Unobtrusive Measures Start Assignment

The average person throws away 2.1 pounds of garbage a day, much of it paper and plastic (Rathje and Murphy 1992). What would people find if they systematically rooted through your garbage? No doubt lots of paper, some food wrappings, some leftover food, and maybe some worn-out clothes or empty printer cartridges. How much evidence of fast-food consumption would they find? What about fresh vegetables, or milk, or soda? What might they be able to tell about your study h abits7 Your work habits? Your choices in recreation? That’s exactly what William Rathje, an archaeologist and director of the Garbage Project at the University of Arizona, does. Project researchers systematically identify and analyze what households in Tucson, Arizona, throw away. They also examine landfills, sometimes digging down deep to analyze trash from earlier decades. By systematically analyzing household garb age, they have learned a great deal about people’s habits and behaviors especially those that people don’t necessarily want to talk about, like drinking alcohol or eating processed foods (Rathje 1992, 1993). They have even devised ways to estimate the size and composition of the population based on garbage. For example, they can fairly reliably tell how many babies live in a given neighborhood by the number of diapers they find in the trash. The work of the Garbage Project is a good example of using unobtrusive measures to study human behavior. Unobtrusive measures involve any form of studying human behavior that does not rely on asking people directly (such as interviewing) or on observing people (such as doing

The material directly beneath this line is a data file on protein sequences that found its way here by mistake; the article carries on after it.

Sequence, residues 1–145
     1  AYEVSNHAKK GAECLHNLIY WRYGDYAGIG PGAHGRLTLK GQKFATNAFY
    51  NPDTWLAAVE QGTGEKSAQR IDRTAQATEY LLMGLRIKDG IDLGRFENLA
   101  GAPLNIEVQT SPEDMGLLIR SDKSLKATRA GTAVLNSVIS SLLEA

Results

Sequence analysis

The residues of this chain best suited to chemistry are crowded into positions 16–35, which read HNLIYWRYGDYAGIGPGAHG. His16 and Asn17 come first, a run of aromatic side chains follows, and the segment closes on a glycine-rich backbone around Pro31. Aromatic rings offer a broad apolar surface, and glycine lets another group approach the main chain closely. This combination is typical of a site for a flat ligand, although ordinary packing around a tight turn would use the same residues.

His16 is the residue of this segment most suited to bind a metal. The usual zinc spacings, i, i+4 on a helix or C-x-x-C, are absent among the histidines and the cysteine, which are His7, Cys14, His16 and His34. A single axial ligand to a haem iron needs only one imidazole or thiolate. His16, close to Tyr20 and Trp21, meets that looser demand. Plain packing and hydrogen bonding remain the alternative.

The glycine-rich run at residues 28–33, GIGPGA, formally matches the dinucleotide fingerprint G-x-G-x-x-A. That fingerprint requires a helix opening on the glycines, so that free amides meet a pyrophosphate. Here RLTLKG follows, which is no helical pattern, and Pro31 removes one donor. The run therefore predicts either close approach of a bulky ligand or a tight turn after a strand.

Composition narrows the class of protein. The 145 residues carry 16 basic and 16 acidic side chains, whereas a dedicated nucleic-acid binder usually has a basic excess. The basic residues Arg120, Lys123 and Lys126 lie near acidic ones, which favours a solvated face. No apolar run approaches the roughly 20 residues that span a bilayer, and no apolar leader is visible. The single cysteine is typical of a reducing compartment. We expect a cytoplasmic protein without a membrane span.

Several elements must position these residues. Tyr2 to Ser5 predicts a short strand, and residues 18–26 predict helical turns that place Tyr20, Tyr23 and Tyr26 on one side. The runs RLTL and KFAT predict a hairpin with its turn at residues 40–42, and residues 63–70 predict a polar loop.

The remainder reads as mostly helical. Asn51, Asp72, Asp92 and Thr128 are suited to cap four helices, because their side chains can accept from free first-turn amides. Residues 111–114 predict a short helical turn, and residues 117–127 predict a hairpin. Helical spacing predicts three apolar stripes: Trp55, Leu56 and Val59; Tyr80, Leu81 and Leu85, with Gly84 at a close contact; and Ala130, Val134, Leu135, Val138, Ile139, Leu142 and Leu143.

participant observation). These may include studying human physical traces, as the Garbage Project does, or analyzing written records and documents, the media (like television or radio) , or the Internet